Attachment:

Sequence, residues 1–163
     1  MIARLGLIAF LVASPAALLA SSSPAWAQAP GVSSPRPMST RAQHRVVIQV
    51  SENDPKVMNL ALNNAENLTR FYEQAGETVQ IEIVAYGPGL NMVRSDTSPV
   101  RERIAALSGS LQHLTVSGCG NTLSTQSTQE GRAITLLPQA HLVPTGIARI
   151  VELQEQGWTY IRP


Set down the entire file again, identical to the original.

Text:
Sequence, residues 1–163
     1  MIARLGLIAF LVASPAALLA SSSPAWAQAP GVSSPRPMST RAQHRVVIQV
    51  SENDPKVMNL ALNNAENLTR FYEQAGETVQ IEIVAYGPGL NMVRSDTSPV
   101  RERIAALSGS LQHLTVSGCG NTLSTQSTQE GRAITLLPQA HLVPTGIARI
   151  VELQEQGWTY IRP